Lower salaries, fewer new businesses in Greece


Greek people of working age are caught between low salaries as employees and the low chances of successfully starting a business of their own, two surveys revealed on Wednesday, as the state only seems to look after its own.

A report by the Hellenic Federation of Enterprises (SEV) has found that as many as one in four workers received net salaries of less than 500 euros per month in 2017, based on figures from the Labor Ministry’s Ergani employee database. “Keeping output low also leads to keeping salaries low,” SEV warned in its weekly financial bulletin.

The average salary dropped from 1,011.2 euros per month in 2014 to 982.4 euros in 2017. At the same time the salaries of public sector workers have soared, with the average rising to 1,502 euros per month in 2017 from 1,286.6 euros in 2014; this mainly concerns contract workers and those who have been transferred to another part of the public sector (areas recorded by Ergani).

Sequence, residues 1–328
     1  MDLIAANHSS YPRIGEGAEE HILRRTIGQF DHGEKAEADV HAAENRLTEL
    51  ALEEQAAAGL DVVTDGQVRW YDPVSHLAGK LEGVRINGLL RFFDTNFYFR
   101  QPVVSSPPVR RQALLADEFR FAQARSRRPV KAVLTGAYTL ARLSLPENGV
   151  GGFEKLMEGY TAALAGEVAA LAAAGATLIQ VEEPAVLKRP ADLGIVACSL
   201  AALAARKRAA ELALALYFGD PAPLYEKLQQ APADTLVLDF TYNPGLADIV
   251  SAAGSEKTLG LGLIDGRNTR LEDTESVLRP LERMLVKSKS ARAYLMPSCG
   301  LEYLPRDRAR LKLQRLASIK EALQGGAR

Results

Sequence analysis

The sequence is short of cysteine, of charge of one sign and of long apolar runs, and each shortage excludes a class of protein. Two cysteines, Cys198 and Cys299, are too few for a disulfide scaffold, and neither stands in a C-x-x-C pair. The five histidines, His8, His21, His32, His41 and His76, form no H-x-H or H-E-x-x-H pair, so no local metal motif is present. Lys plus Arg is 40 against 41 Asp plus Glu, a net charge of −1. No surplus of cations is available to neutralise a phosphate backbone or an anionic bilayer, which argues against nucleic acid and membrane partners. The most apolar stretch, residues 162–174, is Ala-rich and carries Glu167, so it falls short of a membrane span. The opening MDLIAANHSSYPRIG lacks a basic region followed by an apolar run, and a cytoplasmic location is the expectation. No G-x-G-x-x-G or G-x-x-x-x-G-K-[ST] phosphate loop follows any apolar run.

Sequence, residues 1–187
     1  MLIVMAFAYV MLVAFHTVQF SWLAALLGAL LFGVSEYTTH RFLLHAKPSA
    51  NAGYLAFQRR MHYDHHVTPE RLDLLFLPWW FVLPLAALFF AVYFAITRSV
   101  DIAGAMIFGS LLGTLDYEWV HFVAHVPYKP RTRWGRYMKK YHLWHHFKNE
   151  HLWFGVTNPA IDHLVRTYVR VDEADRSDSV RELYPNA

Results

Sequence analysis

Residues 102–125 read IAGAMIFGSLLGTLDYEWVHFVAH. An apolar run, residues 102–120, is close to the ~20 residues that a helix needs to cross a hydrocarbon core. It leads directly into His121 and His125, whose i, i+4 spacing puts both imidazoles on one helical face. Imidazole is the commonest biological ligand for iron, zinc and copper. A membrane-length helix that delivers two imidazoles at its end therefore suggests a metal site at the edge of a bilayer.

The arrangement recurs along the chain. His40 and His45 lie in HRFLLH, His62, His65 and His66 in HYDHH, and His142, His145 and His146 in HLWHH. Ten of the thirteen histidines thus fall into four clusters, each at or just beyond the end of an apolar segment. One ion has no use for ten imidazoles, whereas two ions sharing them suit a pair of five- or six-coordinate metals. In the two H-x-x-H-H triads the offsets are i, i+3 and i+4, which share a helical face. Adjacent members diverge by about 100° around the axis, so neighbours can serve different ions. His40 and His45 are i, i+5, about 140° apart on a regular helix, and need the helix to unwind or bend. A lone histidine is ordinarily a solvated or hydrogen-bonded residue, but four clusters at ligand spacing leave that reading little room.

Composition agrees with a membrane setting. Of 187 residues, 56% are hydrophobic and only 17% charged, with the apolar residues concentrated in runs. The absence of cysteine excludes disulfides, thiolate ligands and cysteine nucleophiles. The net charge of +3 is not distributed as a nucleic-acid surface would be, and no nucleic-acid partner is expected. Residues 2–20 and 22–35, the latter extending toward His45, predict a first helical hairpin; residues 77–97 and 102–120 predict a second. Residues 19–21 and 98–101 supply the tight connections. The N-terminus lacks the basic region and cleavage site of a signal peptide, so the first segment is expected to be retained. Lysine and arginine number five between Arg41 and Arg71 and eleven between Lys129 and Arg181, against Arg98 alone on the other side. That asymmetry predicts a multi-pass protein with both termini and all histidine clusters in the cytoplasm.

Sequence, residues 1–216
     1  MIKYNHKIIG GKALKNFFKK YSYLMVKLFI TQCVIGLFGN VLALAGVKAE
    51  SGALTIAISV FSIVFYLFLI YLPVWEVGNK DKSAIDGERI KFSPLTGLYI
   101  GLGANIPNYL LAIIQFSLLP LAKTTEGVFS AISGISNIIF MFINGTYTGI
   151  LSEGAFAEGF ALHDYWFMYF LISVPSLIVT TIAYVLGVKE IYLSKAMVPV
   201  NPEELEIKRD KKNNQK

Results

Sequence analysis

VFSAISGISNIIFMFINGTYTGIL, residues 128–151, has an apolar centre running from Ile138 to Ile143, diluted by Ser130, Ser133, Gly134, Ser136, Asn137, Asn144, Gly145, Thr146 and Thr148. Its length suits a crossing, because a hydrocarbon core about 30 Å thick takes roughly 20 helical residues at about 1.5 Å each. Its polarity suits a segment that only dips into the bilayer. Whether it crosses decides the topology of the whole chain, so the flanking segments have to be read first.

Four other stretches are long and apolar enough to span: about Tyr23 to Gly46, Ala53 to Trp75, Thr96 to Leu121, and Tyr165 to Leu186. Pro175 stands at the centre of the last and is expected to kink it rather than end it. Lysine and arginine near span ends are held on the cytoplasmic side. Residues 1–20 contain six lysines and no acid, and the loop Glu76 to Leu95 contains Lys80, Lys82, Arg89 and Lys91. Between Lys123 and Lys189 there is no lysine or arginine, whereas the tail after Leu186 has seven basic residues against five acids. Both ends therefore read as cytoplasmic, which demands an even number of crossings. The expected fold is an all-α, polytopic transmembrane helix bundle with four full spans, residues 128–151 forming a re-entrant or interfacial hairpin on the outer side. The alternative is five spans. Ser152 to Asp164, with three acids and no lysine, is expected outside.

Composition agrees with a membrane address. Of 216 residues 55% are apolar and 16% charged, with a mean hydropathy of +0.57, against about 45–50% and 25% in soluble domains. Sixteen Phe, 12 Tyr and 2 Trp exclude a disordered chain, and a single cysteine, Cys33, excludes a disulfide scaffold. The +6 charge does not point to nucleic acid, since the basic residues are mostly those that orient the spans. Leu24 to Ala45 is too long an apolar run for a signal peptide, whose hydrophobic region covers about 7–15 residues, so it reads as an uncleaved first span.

Part-time employment rose slightly between 2014 and 2017, reaching 28.4 percent of the total, while full-time work has dropped to 67.7 percent. However, this does not account for undeclared labor, which is primarily part-time.

Meanwhile, the annual report on entrepreneurship by the Foundation for Economic and Industrial Research (IOBE) revealed that 2017 saw the lowest rate of early-stage entrepreneurship since 2003, when such surveys started. Last year just 4.8 percent of the population aged between 18 and 64 – i.e. fewer than 320,000 people – fell into the category ranging from the early stages of starting an enterprise to having run a business for up to three-and-a-half years. This compared with a 5.7 percent rate in 2016.

IOBE explains that the decline recorded last year is associated with the increase in the tax burden on freelance professionals, since starting a business also includes self-employment.

The majority of new businesses (54.6 percent) continued to concern the supply of products and services to consumers, focusing mainly on cafes and restaurants, tourism accommodation and apparel retail. This is down from 58.1 percent in 2016, but remains far above the rate of innovative countries (47.5 percent).